jkisha wrote:Maybe not. But the reason I'd be curious is that I'm nit sure it's a violation of use. There are lots of companies that give away products or services made by other companies as incentives, and often use the company's mark in their advertising. Banks giving away toasters is the first thing that comes to mind, but there are many others. I did a promotion where I was giving away copies of Microsoft Software and used their mark, as the software I was giving away was theirs and the mark identified it as an authentic product.
Sure, Microsoft didn't mind, but that was done with their tacit approval because companies like the free advertisement if it's in an acceptable context. If you were tossing around the Microsoft logo to help you advertise for some horse porn campaign they might send you a letter requesting you to disassociate yourself with their brand, or else face legal recourse for trademark infringement.
I would think if I were to have a promotion and the prize was burning man ticks that I bought and paid for, the use of their mark as proof of authenticity would be OK.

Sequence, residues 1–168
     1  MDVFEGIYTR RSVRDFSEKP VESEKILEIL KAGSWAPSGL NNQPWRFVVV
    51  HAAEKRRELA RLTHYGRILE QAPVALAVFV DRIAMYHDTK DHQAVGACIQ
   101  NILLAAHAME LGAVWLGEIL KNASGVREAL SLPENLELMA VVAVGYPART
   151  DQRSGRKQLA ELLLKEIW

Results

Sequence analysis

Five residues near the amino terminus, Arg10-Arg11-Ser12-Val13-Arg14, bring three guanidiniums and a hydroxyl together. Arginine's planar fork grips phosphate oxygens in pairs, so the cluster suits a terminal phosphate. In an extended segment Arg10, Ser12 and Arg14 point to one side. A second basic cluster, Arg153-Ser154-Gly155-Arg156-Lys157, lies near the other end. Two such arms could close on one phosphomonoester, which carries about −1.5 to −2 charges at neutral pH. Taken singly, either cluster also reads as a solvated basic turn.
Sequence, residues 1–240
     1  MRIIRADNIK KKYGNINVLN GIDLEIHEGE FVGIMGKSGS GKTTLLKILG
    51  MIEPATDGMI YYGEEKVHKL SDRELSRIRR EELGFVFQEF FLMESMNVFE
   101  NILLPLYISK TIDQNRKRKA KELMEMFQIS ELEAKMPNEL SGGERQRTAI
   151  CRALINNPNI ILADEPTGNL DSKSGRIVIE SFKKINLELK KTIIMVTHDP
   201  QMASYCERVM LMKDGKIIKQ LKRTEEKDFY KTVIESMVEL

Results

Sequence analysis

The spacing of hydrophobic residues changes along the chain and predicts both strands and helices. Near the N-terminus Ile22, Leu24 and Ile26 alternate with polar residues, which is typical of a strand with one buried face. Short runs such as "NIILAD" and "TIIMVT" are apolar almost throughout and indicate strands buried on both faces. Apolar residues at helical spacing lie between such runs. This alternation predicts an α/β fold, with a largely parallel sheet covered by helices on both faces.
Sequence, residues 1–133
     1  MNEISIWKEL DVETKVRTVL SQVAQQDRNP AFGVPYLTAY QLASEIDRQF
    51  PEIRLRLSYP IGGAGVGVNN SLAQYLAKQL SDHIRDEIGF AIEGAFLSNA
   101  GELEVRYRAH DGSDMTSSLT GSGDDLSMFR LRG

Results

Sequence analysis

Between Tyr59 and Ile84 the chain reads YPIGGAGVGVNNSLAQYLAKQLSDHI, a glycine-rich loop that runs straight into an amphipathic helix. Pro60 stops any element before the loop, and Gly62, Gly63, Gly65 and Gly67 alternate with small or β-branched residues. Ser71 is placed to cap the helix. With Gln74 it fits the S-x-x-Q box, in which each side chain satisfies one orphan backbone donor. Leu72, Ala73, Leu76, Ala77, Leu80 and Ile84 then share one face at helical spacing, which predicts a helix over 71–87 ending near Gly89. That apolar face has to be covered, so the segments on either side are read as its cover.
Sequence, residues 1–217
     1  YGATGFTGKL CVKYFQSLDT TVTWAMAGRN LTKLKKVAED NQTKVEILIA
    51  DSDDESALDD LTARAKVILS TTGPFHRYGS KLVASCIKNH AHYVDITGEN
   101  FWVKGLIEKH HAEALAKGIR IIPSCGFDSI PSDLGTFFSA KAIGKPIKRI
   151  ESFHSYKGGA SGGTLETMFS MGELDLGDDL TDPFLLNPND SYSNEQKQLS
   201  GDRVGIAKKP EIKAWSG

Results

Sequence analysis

Just because you're using a product of BM as a marketing lure doesn't entitle you to abuse their logo and namesake for commercial exploitation, tickets in hand or not. Otherwise, any company could easily "give away" some product and plaster the product's company's logo all over their marketing media for whatever purpose giving the impression of endorsement and sponsorship. Unauthorized use is trademark infringement, and the owner of the trademark can legally force any violating party to have the trademark removed. This is why the BM logo was trademarked in the first place.